I have just realized that Mono supports a reduced set of locales compared to Unix systems.
Mono uses a set of hardcoded locales in the runtime to provide the .Net framework locale support. Mono reads the user's locale and sets the default framework locale to the corresponding internal Mono locale. The problem is that the locales supported officially by .Net and by the Mono runtime and are smaller set compared to the ones that Unix systems support (actually Mono supports less locales that Microsoft .Net runtime).
For example, languages like Occitan, Bosnian or Breton have no locale in Mono. Neither combinations of supported languages in other regions, for example Catalan language in Andorra (ca_AD), that is actually the official language there. The list of non-supported locales is long compared to any standard Unix system.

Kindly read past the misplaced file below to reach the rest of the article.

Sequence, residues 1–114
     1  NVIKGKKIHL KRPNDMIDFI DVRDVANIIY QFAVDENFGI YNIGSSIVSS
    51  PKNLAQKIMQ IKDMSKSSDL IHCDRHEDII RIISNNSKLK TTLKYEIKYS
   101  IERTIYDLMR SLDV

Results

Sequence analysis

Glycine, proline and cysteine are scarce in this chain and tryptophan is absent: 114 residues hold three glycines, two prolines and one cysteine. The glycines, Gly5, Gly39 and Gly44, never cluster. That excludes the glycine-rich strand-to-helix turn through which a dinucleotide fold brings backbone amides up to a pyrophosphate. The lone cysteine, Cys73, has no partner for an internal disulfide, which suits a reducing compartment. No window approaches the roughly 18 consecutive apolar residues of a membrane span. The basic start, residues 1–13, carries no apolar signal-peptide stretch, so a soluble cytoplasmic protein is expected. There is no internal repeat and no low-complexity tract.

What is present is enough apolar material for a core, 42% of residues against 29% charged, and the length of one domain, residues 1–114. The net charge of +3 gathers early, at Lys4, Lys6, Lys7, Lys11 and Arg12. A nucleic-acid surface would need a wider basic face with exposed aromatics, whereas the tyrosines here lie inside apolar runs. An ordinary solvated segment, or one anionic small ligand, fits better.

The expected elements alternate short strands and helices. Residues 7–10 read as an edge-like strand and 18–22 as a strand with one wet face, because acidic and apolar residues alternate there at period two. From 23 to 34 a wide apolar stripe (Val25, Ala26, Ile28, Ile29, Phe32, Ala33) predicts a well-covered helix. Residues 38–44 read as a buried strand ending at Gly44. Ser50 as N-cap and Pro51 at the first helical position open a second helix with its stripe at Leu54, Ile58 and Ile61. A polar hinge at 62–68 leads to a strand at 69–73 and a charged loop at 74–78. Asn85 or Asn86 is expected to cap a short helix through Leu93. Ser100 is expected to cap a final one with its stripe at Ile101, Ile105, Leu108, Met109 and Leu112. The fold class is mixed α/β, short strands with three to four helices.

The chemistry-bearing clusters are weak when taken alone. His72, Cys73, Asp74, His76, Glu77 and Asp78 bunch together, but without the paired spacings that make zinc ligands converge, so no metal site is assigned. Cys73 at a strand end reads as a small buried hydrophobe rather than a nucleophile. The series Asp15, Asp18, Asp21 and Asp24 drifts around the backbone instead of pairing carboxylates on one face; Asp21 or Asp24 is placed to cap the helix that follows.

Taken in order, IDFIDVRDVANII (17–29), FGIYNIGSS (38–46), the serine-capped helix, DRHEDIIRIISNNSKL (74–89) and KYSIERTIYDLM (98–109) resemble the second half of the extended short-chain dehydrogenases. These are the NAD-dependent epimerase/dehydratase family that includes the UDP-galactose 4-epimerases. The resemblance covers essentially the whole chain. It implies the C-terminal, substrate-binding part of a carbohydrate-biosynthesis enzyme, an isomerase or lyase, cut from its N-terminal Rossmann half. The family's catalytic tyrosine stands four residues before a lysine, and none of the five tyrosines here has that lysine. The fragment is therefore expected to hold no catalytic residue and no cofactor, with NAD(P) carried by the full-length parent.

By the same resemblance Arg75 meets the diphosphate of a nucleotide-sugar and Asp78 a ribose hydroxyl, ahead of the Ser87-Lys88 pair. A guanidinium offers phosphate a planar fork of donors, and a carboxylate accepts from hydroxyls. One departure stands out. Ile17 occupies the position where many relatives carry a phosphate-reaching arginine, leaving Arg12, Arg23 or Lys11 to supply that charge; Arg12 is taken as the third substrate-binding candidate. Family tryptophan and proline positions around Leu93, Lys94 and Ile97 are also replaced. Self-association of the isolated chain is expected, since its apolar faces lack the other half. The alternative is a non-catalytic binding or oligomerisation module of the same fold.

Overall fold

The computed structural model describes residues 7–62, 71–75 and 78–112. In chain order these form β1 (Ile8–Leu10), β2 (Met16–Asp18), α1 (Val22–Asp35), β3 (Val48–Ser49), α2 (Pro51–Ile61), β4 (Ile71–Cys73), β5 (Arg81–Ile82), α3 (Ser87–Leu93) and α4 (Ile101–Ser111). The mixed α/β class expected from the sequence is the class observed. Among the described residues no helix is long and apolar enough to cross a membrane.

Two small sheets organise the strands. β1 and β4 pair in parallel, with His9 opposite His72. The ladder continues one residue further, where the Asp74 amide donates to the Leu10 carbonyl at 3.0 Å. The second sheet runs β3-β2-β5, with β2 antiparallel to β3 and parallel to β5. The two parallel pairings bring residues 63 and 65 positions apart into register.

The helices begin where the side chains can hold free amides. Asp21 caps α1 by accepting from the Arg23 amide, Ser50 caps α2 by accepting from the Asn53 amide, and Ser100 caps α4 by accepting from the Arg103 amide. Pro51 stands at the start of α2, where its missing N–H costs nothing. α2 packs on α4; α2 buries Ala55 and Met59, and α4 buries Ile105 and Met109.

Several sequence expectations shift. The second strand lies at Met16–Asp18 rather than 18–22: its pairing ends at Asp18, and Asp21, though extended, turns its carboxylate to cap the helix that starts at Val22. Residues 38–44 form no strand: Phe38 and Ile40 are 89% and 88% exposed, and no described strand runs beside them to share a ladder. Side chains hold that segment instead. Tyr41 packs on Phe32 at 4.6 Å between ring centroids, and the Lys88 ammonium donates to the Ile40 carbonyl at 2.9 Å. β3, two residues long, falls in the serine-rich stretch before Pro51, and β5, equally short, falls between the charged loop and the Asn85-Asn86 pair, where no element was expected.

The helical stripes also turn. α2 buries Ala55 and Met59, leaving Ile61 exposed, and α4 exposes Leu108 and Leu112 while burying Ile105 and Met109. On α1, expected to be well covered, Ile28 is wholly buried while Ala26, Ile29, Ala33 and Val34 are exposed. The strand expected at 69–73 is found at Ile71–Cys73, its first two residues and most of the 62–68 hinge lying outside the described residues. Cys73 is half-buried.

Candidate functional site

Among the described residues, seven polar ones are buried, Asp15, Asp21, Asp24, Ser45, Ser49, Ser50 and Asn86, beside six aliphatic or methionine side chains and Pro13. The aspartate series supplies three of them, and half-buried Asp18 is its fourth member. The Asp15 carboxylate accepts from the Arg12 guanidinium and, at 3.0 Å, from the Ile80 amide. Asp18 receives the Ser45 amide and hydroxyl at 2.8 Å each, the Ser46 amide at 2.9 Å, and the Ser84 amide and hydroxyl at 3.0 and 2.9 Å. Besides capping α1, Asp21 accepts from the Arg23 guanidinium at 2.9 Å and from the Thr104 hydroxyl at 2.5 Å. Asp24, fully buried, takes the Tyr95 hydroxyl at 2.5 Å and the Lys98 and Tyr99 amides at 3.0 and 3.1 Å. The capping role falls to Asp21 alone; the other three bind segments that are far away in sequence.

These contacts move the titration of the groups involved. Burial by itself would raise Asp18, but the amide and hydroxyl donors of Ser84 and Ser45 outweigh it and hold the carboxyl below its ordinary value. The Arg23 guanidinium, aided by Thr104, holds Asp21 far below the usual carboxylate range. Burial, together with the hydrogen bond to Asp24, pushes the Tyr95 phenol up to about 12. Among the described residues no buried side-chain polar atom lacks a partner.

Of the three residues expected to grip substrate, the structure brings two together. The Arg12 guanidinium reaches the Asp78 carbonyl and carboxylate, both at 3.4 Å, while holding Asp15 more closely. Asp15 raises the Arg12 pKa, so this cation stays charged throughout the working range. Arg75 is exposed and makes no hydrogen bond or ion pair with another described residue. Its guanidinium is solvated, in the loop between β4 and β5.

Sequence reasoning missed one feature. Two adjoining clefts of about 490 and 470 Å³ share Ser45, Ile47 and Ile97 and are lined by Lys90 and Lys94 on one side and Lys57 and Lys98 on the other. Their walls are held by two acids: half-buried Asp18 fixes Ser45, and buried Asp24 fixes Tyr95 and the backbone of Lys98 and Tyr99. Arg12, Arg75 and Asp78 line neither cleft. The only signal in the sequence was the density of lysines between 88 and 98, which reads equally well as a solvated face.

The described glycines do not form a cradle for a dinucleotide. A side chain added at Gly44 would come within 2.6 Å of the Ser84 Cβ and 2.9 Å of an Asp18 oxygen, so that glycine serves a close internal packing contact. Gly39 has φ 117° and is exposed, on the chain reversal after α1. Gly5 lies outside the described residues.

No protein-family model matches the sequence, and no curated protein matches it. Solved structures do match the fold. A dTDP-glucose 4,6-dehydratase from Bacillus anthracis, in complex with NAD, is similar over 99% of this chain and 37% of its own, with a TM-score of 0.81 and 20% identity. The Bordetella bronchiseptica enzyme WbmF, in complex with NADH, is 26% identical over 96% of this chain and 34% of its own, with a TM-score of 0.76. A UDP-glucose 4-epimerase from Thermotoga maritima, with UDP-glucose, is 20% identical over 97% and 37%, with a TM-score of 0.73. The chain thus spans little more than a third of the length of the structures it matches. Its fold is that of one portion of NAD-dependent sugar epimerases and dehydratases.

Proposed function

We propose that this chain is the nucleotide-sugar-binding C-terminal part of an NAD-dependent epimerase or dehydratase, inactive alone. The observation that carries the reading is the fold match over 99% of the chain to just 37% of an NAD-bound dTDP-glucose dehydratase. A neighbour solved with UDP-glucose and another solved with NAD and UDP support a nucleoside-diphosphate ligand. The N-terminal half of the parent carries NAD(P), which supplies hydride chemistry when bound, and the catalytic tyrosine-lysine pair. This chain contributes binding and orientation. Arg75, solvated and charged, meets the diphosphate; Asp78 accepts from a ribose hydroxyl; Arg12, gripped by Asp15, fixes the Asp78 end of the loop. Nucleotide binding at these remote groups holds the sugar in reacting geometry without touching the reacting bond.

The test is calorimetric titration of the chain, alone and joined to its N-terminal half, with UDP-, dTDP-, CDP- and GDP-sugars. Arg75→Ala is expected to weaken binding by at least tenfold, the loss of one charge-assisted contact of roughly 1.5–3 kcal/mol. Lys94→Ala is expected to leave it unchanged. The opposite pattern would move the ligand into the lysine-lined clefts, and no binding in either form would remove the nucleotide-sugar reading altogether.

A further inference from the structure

In Unix machines, Mono applications run under these not supported locales are not respectfully with the user's locale. I noticed this because some users were complaining that gbrainy did not show the numbers properly formatted for their locales. The issue affects actually all Mono applications.
For example, if you run Banshee, F-Spot or Tomboy under a non supported locale they always show the dates and numbers formated for the invariant locale instead of using the user locale. As example, Occitan (French) and Catalan (Andorra) locales use European date formatting but you get the American date formatting. Same for number formatting. This really breaks the locale support at application level for many users.
I have filled up bug report (#420468) in the Mono's project bug tracking system. Meanwhile, I have put together a patch for gbrainy that reads the user's locale information and sets it in the default locale when user's locale has not been identified by Mono. As result, the number formatting is now shown properly. If you can think of a more elegant fix, please let me know.